I should also mention an important assumption of the proposed approach: I have inferred the existence of composite thermodynamic systems from the fact that they are an essential part of thermodynamics, for which I have to make the assumption that entities whose existence is assumed in successful scientific descriptions of the world actually exist. This assumption has been challenged by Brenner (2018) in the context of the SCQ, who argued that nihilistic alternatives to scientific theories involving composite objects are not usually considered (such that one cannot say that the compositional aspects of the theories have been tested empirically), and that composite objects are often introduced in science merely as a matter of a more convenient description. However, as discussed above, composition has a much more central status in thermodynamics than merely that of simplifying the description, such that the empirical success of thermodynamics does give us an argument for the existence of composite objects.

2.5 Thermodynamics as a fundamental theory?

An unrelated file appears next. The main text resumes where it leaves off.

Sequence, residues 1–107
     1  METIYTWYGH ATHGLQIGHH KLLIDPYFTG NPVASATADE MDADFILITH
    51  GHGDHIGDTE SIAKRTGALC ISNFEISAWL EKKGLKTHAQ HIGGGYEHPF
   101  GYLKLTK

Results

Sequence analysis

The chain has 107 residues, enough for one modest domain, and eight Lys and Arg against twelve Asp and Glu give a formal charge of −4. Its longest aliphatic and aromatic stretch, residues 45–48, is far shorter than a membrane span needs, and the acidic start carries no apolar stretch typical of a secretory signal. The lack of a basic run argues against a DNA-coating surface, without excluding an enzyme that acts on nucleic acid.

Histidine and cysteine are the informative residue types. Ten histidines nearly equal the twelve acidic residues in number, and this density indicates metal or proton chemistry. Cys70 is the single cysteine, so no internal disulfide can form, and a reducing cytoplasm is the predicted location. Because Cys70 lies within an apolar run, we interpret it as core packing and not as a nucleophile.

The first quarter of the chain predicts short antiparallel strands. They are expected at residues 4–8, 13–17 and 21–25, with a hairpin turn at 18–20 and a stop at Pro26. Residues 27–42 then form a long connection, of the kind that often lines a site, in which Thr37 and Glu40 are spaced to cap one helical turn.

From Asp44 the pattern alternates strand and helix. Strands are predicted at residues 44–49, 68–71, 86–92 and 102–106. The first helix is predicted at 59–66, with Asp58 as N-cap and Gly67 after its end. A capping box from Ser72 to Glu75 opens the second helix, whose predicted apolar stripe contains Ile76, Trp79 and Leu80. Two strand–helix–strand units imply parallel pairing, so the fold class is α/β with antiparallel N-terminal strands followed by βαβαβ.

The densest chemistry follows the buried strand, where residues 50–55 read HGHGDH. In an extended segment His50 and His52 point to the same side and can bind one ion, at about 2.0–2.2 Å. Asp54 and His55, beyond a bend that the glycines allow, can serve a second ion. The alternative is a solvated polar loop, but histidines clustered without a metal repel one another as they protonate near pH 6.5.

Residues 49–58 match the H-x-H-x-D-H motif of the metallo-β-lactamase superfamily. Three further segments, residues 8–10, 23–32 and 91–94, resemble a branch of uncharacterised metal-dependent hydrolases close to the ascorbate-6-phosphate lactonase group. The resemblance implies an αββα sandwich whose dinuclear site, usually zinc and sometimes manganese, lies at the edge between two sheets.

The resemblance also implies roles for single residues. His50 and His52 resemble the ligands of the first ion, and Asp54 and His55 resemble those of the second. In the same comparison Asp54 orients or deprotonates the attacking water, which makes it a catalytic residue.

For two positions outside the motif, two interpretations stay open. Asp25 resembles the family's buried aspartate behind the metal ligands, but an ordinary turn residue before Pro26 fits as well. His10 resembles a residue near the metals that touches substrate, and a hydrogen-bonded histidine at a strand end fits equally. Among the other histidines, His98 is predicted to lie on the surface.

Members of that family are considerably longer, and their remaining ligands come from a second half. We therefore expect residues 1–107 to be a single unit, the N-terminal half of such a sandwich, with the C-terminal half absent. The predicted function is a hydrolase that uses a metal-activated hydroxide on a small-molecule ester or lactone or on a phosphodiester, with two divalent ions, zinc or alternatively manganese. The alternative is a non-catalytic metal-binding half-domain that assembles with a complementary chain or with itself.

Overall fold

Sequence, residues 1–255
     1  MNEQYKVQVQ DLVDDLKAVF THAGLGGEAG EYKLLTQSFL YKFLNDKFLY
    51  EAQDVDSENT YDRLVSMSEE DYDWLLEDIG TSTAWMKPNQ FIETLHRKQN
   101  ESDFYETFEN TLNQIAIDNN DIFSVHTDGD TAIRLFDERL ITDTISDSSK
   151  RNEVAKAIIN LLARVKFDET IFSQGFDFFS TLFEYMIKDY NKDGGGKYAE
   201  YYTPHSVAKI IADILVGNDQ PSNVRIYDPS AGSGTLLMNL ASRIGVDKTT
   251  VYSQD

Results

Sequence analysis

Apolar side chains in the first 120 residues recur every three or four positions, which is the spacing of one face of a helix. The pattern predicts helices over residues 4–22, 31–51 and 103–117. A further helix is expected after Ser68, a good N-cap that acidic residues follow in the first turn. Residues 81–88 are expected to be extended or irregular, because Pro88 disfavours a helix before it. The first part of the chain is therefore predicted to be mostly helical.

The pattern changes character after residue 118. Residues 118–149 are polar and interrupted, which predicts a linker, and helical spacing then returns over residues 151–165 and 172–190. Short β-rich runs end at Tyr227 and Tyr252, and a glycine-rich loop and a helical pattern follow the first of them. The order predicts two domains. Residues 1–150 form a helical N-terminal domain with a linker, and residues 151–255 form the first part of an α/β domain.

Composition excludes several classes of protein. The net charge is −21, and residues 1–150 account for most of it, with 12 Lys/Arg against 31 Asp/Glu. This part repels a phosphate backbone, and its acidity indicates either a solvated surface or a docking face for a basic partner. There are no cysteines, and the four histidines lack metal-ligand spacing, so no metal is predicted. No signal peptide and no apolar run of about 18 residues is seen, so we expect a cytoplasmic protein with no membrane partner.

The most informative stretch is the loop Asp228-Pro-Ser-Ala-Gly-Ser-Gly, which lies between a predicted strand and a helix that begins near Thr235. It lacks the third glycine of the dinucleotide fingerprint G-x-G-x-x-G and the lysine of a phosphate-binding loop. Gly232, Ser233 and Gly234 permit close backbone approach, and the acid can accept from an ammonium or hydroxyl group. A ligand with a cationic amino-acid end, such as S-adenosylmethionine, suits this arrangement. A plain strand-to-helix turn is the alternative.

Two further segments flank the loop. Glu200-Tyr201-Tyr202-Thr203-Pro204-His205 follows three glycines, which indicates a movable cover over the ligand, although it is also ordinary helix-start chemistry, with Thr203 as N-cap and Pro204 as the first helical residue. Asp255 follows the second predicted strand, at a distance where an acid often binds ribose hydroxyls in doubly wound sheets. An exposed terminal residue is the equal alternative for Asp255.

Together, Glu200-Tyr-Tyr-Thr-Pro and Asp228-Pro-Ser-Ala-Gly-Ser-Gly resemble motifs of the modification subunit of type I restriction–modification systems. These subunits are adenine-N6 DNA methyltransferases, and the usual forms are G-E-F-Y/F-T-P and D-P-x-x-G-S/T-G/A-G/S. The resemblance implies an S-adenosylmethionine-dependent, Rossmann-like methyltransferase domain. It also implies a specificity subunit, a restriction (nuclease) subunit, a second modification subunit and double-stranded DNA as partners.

There is a further important point that needs to be addressed here: Metaphysics has the aim of describing the world at a fundamental level, and the mereological parthood relation is often considered a metaphysically fundamental relation. Thus, if we accept the program of inductive metaphysics, it is natural to try and answer metaphysical questions such as the SQC based on fundamental physical theories such as quantum mechanics. For thermodynamics, however, there are good reasons for not viewing it as a fundamental theory. It is typically introduced as a phenomenological approach applying to macroscopic equilibrium systems whose predictions can be verified from a microscopic derivation only with certain approximations and relative to certain timescales. Thus, if we try to answer a metaphysical question using thermodynamics, we might be, in the words of Callender (2001), “taking thermodynamics too seriously”.